Maybe height adjustment is classed as a 'feature' =;-)

On a serious note though, Apple do offer a Vesa mount kit for the Cinema Display, and hooking this up to something like an Ergotron LCD mount would give you height adjustment. Downsides would be that you'd lose the aesthetics of Apple's own aluminium stand, and the total cost of the screen, Vesa mount and arm would probably be excruciating!


February 8, 2011, 4:52 pm

@Martyn - Possibly this comes under features, and would explain why it got 6/10 for this?

Benny Har-Even

February 8, 2011, 5:17 pm

@Martyn Don't smoke! Of course you could argue it's part of the design, and I'm sure you will, but I viewed height adjustment as a feature and marked the display down accordingly for its absence.


February 8, 2011, 6:14 pm

Word of warning to anyone considering this, if you have sensitive eyes then avoid it. Ive taken one back as it felt like it was burning my eyeballs from the inside. There is a lot of talk on various forums, inclusing apples own, where people have had to return macbooks, imacs etc as they all have LED screens. Luckily I got a full refund from JL, which was a surprise! I would advise anyone considering a mac or this screen to spend at least 30 mins looking at and using one in a store like JL to check if you one of the small percentage of people who are sensitive to LED backlighting. I use an HTPC now with an LCD screen with no problems at all. It took me a few weeks for my vision to return to normal. This is an issue with the technology, not Apple. Best to be sure before you spend a lot of £££££.

Geoff Richards

February 8, 2011, 6:25 pm

@mooface - could you elaborate on what the problem is please? If the LED backlight is too bright, surely you just turn it down...

I can't for the life of me think of why LED backlight should cause people problems where CCFL backlight doesn't (they're both LCD screens)


February 9, 2011, 12:19 pm

A low mark for features should affect the design marks, leaving something out to achieve aesthetics is bad design.

On the purpose of what a monitor is for, viewing content and to a lesser extent connectivity (on which point this is soundly thrashed) does the Dell beat this?


February 9, 2011, 2:48 pm


Yes, the only (arguable) advantage the Apple has from a practical standpoint is its LED backlighting (producing less heat, allowing slimmer designs and using less electricity).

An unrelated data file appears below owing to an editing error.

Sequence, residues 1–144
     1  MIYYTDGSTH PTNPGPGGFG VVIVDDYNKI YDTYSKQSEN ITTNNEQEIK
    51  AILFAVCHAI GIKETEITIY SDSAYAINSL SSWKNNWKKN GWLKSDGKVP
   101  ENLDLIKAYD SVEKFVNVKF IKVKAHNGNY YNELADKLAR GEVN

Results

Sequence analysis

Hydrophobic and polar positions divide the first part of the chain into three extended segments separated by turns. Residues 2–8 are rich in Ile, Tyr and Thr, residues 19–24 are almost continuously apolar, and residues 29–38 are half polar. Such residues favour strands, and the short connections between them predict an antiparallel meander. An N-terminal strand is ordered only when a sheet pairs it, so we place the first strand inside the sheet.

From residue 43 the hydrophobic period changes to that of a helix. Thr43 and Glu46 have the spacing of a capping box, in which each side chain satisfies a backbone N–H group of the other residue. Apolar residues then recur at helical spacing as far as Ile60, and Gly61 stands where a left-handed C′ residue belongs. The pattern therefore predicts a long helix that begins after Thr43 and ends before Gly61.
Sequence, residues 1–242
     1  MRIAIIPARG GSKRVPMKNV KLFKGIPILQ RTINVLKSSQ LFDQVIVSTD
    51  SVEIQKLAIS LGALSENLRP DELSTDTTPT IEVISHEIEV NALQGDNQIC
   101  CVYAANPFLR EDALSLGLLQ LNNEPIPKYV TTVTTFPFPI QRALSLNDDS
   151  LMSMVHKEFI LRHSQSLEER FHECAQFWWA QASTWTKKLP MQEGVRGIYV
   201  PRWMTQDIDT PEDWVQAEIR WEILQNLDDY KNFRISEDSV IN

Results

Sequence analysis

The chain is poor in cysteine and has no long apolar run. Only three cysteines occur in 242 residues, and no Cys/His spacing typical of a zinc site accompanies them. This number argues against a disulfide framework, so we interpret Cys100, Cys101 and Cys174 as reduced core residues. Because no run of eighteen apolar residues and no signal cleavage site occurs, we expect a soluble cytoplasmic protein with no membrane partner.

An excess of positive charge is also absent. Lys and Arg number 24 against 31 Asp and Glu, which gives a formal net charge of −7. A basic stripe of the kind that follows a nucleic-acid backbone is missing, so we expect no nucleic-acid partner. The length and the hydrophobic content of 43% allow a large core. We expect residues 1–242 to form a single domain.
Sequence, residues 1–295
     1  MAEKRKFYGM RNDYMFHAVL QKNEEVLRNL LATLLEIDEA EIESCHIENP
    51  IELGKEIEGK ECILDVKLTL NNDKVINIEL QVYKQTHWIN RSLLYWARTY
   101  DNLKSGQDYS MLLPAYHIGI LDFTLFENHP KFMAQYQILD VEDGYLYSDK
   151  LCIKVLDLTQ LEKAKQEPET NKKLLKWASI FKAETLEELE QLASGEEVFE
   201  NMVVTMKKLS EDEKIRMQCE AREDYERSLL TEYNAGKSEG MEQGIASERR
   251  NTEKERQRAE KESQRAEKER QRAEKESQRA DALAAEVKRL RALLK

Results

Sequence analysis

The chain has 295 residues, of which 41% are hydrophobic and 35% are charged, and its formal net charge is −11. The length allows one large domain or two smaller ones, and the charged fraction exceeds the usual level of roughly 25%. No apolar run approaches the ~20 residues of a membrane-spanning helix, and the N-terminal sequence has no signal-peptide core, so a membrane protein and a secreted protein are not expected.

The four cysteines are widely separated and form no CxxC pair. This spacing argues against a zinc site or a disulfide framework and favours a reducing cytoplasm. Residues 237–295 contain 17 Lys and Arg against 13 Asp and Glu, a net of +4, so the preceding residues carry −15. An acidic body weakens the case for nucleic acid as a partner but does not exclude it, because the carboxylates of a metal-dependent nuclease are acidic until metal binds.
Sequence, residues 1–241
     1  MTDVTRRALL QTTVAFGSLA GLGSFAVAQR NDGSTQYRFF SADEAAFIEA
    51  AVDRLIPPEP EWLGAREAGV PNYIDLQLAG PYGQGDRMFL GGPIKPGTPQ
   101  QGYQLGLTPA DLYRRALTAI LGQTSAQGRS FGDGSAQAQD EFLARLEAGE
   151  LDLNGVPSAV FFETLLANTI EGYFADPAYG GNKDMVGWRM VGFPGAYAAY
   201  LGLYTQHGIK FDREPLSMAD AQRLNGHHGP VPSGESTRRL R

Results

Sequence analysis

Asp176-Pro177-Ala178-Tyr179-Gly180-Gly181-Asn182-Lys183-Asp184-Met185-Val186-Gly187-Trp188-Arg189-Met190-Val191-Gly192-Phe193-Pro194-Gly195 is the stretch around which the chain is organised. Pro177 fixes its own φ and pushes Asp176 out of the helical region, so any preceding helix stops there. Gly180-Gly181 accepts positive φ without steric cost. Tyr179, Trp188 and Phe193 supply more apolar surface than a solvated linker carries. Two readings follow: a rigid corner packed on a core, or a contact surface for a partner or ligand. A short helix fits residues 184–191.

February 9, 2011, 5:00 pm

Ardjuna, what about the fact that it has a built in webcam, decent quality speakers and a power supply for the macbook range? Is that not an 'advantage', arguable or otherwise? This makes it quite an attractive prospect, surely, for people with a macbook looking for an external monitor.


February 9, 2011, 7:43 pm


Indeed, though for the price difference you can afford to get a far better, adjustable HD webcam and some decent, slimline speakers, they won't look as nice and result in more clutter. Your point about Macbook integration is also a good one, and as mentioned in the review, the Cinema HD makes sense if you're operating within a Mac 'ecosystem'. I hence amend my earlier statement to "One of the few advantages" :D


February 9, 2011, 8:48 pm

@Geoff Richards - Google 'led backlight eye strain' or visit the apple forum and search 'hurt eyes' or 'sore eyes' and you will find a lot of comments about it. I did a lot of reading before finally returning my MB pro. There is no solution, if you are sensitive then you need to avoid it. Apprently, LEDs cannot be dimmed. The screen can, but its not the brightness that is the issue.

One of many: http://forums.appleinsider....

evan fotis

February 18, 2011, 10:26 pm

Does it offer an OSD for correcting colours & even calibrating, or all has to go through the Mac videocard software?

If so, I wouldn't be so sure about the first part of your statement:

"we’d be happy doing photographic or any other kind of work on it all day long."

Especially as it also has a highly reflective surface as you have clearly stated.